Fort Salonga pushes back against proposed drug and alcohol treatment facility
The Fort Salonga community is expressing concerns over a newly proposed drug and alcohol treatment facility that would be built near people's homes.
Residents say their concerns come from past experiences.
The building was an alcohol rehabilitation facility five years ago, but it closed because of a fire and never reopened.
It's been a rehabilitation facility for 80 years and the new proposed owners want to make it a 50-bed drug and alcohol treatment facility.
"Given its historical success, I see no reason why it will not continue on and help those genuinely in need," says President of Douglas Elliman Commercial Division Michael Murphy.
However, there's been lost of push back from residents who have sent letters to town officials trying to fight the proposal.
"We're trying to prevent this from happening, and what we don't want to see is used needles around with kids. The elementary school is approximately a thousand feet away," says Keith Macartney, president of the Fort Salonga Association.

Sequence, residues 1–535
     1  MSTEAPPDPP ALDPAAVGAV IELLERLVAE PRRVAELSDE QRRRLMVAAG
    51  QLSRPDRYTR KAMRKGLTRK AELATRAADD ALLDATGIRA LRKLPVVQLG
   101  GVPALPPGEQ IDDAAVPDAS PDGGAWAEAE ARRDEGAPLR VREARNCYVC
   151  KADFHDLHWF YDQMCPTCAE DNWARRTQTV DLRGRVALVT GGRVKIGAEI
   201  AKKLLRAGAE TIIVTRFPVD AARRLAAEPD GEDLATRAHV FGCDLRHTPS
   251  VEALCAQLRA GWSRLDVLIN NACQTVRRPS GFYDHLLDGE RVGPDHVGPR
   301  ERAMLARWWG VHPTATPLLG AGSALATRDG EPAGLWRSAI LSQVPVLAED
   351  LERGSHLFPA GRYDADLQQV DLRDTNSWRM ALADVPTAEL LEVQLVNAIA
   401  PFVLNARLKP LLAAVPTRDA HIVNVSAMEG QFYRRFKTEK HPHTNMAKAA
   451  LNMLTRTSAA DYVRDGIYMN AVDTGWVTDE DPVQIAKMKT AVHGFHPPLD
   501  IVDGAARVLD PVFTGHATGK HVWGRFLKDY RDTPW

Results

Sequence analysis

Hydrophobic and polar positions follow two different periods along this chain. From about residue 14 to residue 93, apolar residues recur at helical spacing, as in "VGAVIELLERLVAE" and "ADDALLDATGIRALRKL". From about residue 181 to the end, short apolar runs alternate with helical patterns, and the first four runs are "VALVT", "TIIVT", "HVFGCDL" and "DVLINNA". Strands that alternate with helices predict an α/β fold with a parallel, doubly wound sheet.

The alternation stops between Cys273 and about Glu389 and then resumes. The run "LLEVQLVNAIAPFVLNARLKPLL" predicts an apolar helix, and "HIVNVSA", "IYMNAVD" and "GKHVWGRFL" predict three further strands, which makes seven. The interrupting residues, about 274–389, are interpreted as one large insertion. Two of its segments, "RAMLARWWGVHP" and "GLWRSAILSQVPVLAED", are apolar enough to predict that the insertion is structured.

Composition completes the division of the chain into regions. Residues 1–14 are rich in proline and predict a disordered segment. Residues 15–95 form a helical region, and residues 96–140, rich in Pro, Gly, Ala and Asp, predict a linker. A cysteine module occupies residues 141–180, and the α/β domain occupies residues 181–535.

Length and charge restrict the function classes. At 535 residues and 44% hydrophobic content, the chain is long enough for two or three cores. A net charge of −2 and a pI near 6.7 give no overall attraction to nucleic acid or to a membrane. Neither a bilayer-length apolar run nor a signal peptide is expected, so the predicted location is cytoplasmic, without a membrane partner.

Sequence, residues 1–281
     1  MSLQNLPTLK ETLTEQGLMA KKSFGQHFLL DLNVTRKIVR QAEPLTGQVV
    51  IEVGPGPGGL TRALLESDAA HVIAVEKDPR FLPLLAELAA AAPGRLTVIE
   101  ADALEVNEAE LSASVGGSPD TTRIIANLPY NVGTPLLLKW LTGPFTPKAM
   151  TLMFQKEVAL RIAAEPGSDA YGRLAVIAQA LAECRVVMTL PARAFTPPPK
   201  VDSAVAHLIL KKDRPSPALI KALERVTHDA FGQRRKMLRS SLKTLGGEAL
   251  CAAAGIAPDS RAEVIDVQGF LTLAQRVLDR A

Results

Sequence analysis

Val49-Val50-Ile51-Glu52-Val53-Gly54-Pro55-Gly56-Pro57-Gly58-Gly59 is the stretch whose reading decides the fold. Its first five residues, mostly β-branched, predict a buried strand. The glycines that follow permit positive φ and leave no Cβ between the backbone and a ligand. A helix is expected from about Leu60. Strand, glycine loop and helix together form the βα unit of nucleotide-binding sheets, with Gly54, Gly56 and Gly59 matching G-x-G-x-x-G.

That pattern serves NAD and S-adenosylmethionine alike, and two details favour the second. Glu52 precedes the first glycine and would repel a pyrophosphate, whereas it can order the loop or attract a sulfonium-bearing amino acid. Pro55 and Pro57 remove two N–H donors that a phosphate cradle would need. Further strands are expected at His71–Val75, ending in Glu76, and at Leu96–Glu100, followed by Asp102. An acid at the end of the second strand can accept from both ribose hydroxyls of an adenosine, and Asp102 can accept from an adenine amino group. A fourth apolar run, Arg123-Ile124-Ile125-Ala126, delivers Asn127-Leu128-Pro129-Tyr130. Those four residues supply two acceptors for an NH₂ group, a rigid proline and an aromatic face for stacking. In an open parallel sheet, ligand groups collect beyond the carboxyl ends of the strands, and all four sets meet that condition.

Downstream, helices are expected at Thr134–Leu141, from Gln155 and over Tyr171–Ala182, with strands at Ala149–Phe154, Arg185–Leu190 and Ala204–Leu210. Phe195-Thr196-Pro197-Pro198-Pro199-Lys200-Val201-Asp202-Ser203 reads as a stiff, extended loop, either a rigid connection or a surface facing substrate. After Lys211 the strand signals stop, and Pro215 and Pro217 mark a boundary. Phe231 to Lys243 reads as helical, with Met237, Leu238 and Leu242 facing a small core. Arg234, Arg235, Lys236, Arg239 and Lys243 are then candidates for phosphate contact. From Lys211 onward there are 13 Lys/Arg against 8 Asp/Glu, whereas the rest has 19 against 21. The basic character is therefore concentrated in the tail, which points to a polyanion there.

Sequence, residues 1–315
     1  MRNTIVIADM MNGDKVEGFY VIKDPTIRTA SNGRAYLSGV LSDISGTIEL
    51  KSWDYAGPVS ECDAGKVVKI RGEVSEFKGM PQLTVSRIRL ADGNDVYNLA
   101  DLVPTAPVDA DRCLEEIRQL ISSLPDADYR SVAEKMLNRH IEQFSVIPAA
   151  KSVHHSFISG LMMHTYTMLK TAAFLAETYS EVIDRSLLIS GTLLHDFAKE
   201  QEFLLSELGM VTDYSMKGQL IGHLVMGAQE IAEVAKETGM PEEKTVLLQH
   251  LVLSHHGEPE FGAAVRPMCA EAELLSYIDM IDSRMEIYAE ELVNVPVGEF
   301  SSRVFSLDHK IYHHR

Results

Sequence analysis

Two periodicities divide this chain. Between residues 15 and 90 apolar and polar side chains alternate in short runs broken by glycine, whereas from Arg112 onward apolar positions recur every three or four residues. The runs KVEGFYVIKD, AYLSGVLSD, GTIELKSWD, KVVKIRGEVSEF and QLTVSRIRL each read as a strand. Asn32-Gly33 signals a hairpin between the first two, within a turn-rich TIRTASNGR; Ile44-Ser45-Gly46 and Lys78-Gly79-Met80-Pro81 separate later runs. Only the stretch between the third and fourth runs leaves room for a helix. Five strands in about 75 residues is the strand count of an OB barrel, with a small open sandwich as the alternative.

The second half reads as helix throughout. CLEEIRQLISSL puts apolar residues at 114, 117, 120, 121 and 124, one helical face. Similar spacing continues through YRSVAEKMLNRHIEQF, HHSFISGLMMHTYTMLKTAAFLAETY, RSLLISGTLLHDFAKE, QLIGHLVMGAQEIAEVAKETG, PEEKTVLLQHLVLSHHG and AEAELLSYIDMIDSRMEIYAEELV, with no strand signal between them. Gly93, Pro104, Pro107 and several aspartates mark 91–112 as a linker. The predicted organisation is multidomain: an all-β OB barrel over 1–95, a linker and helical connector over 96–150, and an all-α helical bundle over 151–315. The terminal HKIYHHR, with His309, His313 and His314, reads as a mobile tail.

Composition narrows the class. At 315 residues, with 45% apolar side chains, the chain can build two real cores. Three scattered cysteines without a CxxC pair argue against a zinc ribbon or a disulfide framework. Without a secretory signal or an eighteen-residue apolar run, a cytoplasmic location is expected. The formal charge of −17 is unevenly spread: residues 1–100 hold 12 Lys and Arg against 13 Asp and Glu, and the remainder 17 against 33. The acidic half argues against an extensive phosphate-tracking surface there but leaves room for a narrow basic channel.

Murphy says the facility is a hidden property set far back and they are not looking to change or expand upon the footprint.
"There was a reason this was approved and designed and built 80-plus years ago and was a very successful facility," Murphy says.
He says while this is a sensitive subject with the neighbors, he wants to remind people there is an opioid crisis.
Murphy says they intend to build a secured facility with 24-hour supervision and have experts in the field of addiction treatment.
The building is a just a couple hundred feet away from where people live. In years past, when the patients would get locked out, Macartney says they would come knocking on people's doors, harassed them and residents say they do not want that happening again.
"They have no plans to fence the back of the property, to protect the homeowners who live behind there," Macartney says.
Bill Goodspeed lives across the street from the facility and says he understands they want to serve a purpose, but it's nerve-wracking when one lives next door to the facility.
"We're afraid of the traffic and all the other things that could happen, so it's a concern for us," Goodspeed says.
Residents say they would hope to see apartments or single-family homes created instead of the facility reopening.
There will be a town board hearing on the matter in next couple of weeks.